They were also handed a mug with the university logo. Participants were randomised again so that half were told the mug was theirs to keep, while the other half were told it was the property of the laboratory.

They were all instructed to examine the mug for 30 seconds. They were not told about the mug's true value. After 30 minutes they were instructed that they could sell the mug and were asked to list the selling price.

 

What were the basic results?

In the first experiment, participants rated their rejected task with fewer positive attributes to try to reduce any mental discomfort. However, people who took paracetamol were less negative about the rejected task compared with those taking placebo, suggesting they experienced less pain in decision making.

In the second experiment, among participants who had been told the mug was theirs, those who took paracetamol set lower selling prices than those who took the placebo drug.

People who took paracetamol and were told the mug was theirs also set lower prices than the other group, who were told the mug was not theirs.

Among all those who took a placebo, mug prices were not significantly higher among those told the mug was theirs than those told it was university property.

 

How did the researchers interpret the results?

The researchers say their experiments showed that paracetamol reduced the pain of decision making. They say that in the first experiment, paracetamol reduced participants' need to reduce discomfort by adopting a more negative attitude towards the rejected task.

In the second experiment, in which they were asked to set the price of a mug, participants who took paracetamol set lower selling prices, presumably because they experienced lower levels of loss aversion.

"Making decisions can be painful, but a physical painkiller can take the pain away," the researchers concluded.

 

Conclusion

This experimental study involved giving people paracetamol or a placebo, then asking them to take part in two very specific decision-making scenarios to test the psychological states of cognitive dissonance and loss aversion.

The results of the first experiment suggested people who took paracetamol were less negative about the rejected task than those who took a placebo, suggesting they experienced less cognitive dissonance.

The results of the second experiment found those who took paracetamol set lower selling prices than those taking a placebo, presumably because they experienced lower levels of loss aversion.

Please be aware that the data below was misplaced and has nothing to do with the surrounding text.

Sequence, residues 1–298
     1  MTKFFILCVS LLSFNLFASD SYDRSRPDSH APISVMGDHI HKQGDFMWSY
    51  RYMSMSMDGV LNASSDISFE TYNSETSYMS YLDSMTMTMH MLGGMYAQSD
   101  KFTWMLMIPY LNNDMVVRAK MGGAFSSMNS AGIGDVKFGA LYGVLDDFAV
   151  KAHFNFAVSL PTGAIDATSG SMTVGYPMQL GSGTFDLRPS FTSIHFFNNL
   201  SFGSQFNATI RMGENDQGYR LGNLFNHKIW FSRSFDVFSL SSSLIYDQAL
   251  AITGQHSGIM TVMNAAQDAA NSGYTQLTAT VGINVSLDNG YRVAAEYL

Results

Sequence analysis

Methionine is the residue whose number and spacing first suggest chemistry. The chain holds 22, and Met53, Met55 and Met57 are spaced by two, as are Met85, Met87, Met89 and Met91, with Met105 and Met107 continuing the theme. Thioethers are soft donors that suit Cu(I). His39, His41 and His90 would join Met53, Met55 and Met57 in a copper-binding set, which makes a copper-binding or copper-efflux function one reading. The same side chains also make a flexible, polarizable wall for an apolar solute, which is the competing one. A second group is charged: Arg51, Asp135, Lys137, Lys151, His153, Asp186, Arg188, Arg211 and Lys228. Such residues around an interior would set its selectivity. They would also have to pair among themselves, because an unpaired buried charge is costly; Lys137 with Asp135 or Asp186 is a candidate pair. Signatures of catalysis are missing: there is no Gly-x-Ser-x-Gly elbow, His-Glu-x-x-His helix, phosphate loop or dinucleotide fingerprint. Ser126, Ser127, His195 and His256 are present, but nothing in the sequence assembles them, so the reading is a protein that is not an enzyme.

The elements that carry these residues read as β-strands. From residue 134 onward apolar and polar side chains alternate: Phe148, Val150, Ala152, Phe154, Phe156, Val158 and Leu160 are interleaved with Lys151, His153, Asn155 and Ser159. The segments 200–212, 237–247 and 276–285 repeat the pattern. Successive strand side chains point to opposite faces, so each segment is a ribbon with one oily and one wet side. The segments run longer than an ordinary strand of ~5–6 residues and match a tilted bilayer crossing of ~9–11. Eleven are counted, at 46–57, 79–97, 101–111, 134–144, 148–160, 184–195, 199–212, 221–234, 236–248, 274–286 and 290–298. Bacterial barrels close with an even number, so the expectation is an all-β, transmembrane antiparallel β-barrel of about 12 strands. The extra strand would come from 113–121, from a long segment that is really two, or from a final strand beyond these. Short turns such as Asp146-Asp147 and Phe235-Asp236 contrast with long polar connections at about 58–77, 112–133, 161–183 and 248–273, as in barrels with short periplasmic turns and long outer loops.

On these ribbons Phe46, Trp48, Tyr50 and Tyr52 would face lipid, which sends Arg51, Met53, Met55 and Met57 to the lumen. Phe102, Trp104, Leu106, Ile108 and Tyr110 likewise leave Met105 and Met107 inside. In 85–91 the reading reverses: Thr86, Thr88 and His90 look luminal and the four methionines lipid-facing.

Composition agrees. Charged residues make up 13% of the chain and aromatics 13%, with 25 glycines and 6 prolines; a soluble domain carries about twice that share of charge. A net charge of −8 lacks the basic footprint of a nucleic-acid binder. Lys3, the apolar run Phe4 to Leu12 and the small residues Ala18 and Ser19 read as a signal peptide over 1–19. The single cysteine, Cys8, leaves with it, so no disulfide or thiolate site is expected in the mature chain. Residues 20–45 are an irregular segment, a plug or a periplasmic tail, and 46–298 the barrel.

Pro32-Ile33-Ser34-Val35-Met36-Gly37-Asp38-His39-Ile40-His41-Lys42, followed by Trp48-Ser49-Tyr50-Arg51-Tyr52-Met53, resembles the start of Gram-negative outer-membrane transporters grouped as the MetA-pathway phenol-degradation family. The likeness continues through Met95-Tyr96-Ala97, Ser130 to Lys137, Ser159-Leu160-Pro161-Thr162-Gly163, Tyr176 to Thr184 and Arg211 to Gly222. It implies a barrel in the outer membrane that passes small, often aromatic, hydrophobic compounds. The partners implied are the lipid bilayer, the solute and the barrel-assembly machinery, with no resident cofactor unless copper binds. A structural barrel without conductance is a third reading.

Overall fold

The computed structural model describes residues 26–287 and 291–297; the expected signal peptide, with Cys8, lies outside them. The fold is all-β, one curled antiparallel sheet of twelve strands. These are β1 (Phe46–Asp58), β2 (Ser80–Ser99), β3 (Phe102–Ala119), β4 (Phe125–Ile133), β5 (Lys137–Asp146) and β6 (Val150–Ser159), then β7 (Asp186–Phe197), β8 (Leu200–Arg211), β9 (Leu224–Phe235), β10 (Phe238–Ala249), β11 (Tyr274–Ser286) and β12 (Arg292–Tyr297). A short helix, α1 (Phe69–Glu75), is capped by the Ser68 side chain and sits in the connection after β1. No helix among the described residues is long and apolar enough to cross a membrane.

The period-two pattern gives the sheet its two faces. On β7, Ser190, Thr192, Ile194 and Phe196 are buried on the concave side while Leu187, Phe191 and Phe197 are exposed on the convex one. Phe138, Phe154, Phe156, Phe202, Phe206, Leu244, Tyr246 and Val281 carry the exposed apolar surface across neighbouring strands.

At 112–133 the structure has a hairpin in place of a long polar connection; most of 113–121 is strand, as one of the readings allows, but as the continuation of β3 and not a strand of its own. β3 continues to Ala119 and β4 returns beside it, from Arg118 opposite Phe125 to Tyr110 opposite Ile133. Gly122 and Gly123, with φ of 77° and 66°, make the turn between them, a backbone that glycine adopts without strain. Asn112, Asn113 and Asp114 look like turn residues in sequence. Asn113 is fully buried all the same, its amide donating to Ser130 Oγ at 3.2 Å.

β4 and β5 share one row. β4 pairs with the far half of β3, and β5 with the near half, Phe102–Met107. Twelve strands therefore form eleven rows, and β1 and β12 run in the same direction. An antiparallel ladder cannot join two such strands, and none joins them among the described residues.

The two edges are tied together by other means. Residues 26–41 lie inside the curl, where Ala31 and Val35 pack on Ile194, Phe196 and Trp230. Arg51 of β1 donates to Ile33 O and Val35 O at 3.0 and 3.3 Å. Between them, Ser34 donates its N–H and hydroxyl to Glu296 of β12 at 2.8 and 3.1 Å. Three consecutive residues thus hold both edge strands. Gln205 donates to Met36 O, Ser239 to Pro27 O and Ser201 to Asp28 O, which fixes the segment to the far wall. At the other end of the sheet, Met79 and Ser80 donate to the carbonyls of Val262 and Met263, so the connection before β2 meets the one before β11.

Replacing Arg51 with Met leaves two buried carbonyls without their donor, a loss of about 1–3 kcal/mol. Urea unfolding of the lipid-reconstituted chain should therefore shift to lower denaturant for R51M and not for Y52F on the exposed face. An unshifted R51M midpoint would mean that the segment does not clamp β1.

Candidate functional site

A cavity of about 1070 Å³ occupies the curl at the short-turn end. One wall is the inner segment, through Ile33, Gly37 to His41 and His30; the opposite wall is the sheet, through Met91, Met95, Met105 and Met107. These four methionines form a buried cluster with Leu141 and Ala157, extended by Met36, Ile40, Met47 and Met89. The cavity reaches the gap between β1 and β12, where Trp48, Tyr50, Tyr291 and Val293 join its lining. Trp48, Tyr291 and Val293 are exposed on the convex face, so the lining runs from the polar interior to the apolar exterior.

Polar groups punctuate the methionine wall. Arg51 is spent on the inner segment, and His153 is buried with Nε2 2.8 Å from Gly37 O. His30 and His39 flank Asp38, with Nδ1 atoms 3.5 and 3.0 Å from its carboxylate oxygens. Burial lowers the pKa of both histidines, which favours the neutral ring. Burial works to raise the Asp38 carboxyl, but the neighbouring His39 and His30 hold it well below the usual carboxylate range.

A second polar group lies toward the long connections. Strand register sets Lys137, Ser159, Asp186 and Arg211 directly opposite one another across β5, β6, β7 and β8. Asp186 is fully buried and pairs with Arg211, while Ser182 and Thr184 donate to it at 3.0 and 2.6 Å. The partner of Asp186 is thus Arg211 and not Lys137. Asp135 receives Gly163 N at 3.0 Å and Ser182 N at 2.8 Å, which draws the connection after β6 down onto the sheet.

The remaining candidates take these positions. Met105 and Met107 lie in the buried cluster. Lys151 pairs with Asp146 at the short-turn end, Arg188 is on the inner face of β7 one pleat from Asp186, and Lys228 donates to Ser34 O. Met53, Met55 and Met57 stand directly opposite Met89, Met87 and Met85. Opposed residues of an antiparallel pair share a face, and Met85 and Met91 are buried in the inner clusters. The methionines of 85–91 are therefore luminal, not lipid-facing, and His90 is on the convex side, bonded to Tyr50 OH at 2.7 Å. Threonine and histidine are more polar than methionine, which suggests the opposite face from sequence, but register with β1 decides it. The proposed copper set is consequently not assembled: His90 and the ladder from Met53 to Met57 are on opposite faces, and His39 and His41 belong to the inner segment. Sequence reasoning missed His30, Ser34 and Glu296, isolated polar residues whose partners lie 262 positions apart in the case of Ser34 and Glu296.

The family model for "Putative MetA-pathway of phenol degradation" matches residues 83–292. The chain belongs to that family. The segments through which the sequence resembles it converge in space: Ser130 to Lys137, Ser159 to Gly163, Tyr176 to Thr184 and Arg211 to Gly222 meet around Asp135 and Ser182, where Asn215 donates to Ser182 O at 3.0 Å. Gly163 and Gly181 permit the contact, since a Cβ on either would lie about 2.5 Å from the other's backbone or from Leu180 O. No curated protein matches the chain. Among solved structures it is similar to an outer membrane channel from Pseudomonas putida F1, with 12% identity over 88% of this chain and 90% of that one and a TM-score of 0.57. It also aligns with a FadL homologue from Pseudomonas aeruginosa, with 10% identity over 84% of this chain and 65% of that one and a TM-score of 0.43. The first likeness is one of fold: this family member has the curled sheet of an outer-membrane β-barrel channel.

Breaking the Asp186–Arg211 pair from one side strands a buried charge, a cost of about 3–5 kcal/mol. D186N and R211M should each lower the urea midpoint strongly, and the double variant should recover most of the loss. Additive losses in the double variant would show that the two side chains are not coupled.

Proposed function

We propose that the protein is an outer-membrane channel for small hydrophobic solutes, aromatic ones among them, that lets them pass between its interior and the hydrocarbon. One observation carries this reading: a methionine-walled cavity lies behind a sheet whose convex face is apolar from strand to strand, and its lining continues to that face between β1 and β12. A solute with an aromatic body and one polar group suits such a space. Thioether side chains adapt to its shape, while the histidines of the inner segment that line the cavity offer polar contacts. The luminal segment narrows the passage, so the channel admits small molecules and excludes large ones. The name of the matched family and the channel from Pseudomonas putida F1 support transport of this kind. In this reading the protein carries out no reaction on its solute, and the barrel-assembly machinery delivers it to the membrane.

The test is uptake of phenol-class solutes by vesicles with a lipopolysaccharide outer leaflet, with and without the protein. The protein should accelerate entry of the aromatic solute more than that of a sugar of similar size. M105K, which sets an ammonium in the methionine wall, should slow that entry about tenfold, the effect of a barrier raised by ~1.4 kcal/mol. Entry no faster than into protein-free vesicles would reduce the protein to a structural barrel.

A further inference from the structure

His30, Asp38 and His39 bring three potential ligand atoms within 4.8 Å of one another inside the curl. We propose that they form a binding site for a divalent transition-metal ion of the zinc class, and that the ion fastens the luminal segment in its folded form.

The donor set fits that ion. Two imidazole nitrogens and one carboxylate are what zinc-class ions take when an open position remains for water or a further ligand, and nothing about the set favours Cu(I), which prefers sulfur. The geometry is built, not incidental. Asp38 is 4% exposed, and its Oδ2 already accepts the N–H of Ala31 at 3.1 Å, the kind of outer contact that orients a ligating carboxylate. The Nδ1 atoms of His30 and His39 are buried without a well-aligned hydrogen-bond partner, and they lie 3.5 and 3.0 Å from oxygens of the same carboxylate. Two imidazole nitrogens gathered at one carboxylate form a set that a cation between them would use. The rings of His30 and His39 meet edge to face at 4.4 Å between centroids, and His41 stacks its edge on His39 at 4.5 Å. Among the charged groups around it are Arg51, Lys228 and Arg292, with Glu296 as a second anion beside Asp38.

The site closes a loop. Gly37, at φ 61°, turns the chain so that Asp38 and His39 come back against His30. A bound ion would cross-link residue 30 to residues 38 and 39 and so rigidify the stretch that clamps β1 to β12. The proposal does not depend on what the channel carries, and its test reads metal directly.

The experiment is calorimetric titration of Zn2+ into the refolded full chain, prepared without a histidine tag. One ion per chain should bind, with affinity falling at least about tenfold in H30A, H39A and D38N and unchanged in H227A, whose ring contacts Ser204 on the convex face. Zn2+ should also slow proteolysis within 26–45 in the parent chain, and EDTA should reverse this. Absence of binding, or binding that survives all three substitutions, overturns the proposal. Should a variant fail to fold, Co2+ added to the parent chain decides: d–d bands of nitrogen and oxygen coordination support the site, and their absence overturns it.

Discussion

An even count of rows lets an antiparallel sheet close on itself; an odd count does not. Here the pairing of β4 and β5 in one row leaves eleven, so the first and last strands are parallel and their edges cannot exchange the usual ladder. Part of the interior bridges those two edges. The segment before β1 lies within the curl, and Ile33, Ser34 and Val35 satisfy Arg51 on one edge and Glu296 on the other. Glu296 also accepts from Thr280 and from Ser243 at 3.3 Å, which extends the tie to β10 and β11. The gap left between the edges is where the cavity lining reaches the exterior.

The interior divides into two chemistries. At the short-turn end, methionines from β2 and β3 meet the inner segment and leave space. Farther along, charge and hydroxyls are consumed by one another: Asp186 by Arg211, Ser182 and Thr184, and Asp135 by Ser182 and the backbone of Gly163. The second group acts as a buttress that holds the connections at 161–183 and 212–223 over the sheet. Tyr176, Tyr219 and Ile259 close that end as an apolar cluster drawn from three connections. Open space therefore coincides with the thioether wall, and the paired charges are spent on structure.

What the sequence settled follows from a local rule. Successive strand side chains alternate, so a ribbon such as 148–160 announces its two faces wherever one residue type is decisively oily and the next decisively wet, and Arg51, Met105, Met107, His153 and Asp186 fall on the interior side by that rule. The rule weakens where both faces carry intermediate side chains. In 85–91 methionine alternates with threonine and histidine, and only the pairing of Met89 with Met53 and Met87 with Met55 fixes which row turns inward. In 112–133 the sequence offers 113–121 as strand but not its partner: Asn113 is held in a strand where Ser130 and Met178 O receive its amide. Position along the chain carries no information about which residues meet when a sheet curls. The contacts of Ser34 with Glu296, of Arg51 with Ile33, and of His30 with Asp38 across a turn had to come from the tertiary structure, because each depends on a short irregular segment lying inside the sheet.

However, the researchers' hypothesis that paracetamol can help with the mental discomfort associated with decision making remains just that – a hypothesis.

There are many limitations to this study, including its small specific sample of healthy young adults, and these are highly experimental scenarios that do not necessarily relate to real-life situations.

The results also do not give a clear and consistent pattern. For example, people who took a placebo in the second experiment didn't rate the value of the mug differently regardless of whether they were told it was theirs or not, suggesting they were not experiencing loss aversion in any case.

Our capacity to make difficult decisions is a complex area that involves many factors, and the idea that any uncertainty or conflict around a decision would be removed just by taking a painkiller is surely dubious.

In any case, even if the pain of decision making was reduced, it does not seem to necessarily follow that we would subsequently then make the "right" decision.

The suggestion that we should be encouraged to slip a pill every time we face a painful decision is certainly not advisable. Paracetamol is a medical drug that is only designed to treat physical pain and reduce fever.

It is safe to use at recommended doses and for the proper reasons, but sustained regular use is not recommended – even a small overdose can cause potentially fatal liver damage.

Analysis by Bazian. Edited by NHS Choices. Follow Behind the Headlines on Twitter. Join the Healthy Evidence forum.

Links To The Headlines

Acetaminophen could also help to ease our anxieties: Pills could reduce the anguish of situations that cause psychological pain. Mail Online, October 29 2014

Links To Science

DeWall CN, Chester DS, White DS. Can acetaminophen reduce the pain of decision-making? Journal of Experimental Social Psychology. Published online September 22 2014